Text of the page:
Rare Books

Baseball Auction Has Stolen Items, Including from NYPL

From the New York Times:

While the Federal Bureau of Investigation examines whether some materials that were supposed to be sold at Major League Baseball’s All-Star Game auction next week were stolen, a baseball historian offered evidence indicating that at least one of the items was taken from the New York Public Library.

Oldest Christian Bible- Now Online

The Codex Sinaiticus is the oldest surviving Christian Bible, dating from around 1,600 years ago. For all but 100 of those years, it sat in a monastery in Sinai.

800 pages of the book, written in Greek on parchment, are now available online for the world's perusal.

More on this story from the BBC site which includes an audio report about how the Codex was discovered and what it took to put it online.

Cambridge University to Make Incunabula Available Online

You won't have to leave your chair to see the Gutenberg Bible (1455) anymore.

That and the first printed edition of Homer's works are among ancient books being published online by Cambridge University Library over the next five years.

The money for the project has come from the Andrew W Mellon Foundation.

World Digital Library putting human history a click away

A globe-spanning UN digital library seeking to display and explain the wealth of all human cultures has gone into operation on the Internet, serving up mankind's accumulated knowledge in seven languages for students around the world.

More here:

Delicate Precursor to the Modern Dust Jacket

A librarian at Oxford's Bodleian Library has unearthed the earliest-known book dust jacket. Dating from 1830, the jacket wrapped a silk-covered gift book, Friendship's Offering. Silk bindings were very vulnerable to wear and tear, so bookselllers would keep them in these wrappers to protect the binding underneath. When you bought the book you would take the wrapper off and put it on your shelves, which is presumably why so few of these covers have survived.

Unlike today's dust jackets, wrappers of the early 19th century were used to enfold the book completely, like a parcel. Traces of sealing wax where the paper was secured can still be seen on the Bodleian's discovery, along with pointed creases at the edges where the paper had been folded, showing the shape of the book it had enclosed.

The jacket had been separated from its book, and had never been catalogued individually. It remained hidden until the library was contacted by an American scholar of dust jackets looking for the earliest known example.

Overdue Book From Another Era

Talk about overdue: A book lost since Union soldiers raided a library during the Civil War was returned to a Virginia university (Washington & Lee) 145 years late. One of those UPI Odd Stories.

Most of the volumes taken from the Washington College library during the war between the states were returned soon after, but one -- a leather-bound book that was part of a four-volume history of a Napoleonic military campaign -- didn't make it back to Lexington, VA until February, the school's technical services librarian said Wednesday.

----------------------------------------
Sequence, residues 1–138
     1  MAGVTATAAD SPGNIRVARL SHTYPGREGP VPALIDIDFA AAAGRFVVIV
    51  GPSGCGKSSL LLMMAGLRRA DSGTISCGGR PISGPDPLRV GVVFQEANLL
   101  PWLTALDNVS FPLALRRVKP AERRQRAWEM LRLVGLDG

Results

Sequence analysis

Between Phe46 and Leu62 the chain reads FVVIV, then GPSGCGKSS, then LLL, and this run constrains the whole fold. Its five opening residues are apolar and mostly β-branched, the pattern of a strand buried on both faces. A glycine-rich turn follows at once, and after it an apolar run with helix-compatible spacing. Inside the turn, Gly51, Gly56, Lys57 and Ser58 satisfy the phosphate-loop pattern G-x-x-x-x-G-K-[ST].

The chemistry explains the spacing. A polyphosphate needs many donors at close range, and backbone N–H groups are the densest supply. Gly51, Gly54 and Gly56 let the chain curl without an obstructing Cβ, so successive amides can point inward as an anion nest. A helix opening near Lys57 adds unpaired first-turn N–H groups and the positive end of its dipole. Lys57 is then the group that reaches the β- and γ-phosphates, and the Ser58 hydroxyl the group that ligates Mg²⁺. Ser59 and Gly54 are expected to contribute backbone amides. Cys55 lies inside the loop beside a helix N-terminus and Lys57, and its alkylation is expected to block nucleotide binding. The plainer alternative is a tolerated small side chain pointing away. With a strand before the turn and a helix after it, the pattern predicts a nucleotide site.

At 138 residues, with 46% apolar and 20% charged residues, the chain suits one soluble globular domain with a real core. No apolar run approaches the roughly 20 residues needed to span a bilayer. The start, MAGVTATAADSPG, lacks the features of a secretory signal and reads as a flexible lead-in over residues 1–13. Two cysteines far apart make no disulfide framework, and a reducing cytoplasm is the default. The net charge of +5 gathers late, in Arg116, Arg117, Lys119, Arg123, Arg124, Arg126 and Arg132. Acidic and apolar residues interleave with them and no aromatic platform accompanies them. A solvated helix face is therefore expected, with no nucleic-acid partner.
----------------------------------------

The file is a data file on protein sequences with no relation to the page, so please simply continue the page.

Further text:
What drives people to steal precious books

The Financial Times wonders What drives people to steal precious books? “Book theft is very hard to quantify because very often pages are cut and it’s not noticed for years,” says Rapley. “Often we come across pages from books [in hauls of recovered property] and we work back from there.” The Museum Security Network, a Dutch-based, not-for-profit organisation devoted to co-ordinating efforts to combat this type of theft, estimates that only 2 to 5 per cent of stolen books are recovered, compared with about half of stolen paintings.

California Historical Society's historic books restored after flood

Society's historic books restored after flood The California Historical Society reopened last week after a December flood damaged more than 1,500 antique and historic books and its building. A car hit a fire hydrant in front of the society's Mission Street building after midnight Dec. 19, causing a geyser several stories high and a flood that seeped through the front doors into the building. Water soaked through the hardwood floors and into the book vault below, damaging the books.

Lincoln Cathedral (UK) Magna Carta on Display at Reagan Library

A copy of the Magna Carta is the centerpiece of a new exhibition at the Ronald Reagan Presidential Library and Museum in Simi Valley.

USA Today reports on the exhibition that runs til June 20 and will include scenes from life in England in 1215, the year the Magna Carta was recorded.

According to the cathedral's website, the bishops of Lincoln were among the magnates of medieval England and when the Magna Carta was drawn up in 1215, one of the witnesses was Hugh of Wells, Bishop of Lincoln, who returned with his copy to the city. Today Lincoln's copy of the document is only one of four originals from 1215 that still exist.

Treasures From a Musty Attic Go To the Historical Society

When cleaning out the attic of the Guilford H. Hathaway (MA) Library, Michael McCue and others found more than just some musty items and cobwebs.

Instead, they found historical treasures from the 19th century to the mid-20th century that they now plan to preserve at the Historical Society Museum on Slab Bridge Road.

Among the artifacts were pencil sketches of two town officials, Guilford Hathaway and George W. Hall; a handwritten list of World War II airplane spotters who were town residents; items from the town’s various Temperance Society groups; collars and other pieces of clothing from town marching band uniforms; and an 1897 original layout of the Assonet Burying Ground.

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